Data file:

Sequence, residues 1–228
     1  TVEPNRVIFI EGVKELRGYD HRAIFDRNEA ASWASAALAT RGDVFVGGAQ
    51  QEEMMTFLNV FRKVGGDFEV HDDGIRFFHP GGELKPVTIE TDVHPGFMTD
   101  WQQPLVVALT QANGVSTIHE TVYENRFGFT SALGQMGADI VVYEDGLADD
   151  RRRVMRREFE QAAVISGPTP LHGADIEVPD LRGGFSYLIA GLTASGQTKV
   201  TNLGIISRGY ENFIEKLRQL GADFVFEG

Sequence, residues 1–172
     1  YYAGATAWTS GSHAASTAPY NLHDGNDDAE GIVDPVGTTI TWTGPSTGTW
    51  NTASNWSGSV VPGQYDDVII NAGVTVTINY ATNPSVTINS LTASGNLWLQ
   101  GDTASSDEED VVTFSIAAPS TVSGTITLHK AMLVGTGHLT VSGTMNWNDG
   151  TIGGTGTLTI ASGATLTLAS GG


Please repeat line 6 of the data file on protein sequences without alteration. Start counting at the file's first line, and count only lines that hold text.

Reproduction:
   201  TNLGIISRGY ENFIEKLRQL GADFVFEG